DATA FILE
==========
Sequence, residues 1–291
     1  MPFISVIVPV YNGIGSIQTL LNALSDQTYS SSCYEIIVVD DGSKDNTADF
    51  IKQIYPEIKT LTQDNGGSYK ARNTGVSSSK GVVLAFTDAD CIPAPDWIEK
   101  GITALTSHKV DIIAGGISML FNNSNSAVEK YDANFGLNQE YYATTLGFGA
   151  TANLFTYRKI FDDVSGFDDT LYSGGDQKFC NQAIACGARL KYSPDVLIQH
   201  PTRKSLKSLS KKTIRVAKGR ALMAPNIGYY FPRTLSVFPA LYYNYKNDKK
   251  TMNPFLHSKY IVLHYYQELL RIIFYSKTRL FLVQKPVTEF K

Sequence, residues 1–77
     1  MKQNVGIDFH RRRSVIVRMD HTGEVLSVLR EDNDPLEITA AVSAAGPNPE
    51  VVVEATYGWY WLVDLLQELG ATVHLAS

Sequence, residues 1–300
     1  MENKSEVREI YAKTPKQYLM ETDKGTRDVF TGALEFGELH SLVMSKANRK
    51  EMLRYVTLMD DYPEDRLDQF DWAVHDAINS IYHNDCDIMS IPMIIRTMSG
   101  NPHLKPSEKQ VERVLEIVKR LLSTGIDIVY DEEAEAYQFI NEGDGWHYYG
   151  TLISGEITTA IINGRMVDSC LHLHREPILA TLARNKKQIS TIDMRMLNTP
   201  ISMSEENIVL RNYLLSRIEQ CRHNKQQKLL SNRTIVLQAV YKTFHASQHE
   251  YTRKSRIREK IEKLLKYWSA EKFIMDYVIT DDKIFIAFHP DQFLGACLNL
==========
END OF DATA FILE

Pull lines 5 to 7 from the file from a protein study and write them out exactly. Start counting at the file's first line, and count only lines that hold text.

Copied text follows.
   151  TANLFTYRKI FDDVSGFDDT LYSGGDQKFC NQAIACGARL KYSPDVLIQH
   201  PTRKSLKSLS KKTIRVAKGR ALMAPNIGYY FPRTLSVFPA LYYNYKNDKK
   251  TMNPFLHSKY IVLHYYQELL RIIFYSKTRL FLVQKPVTEF K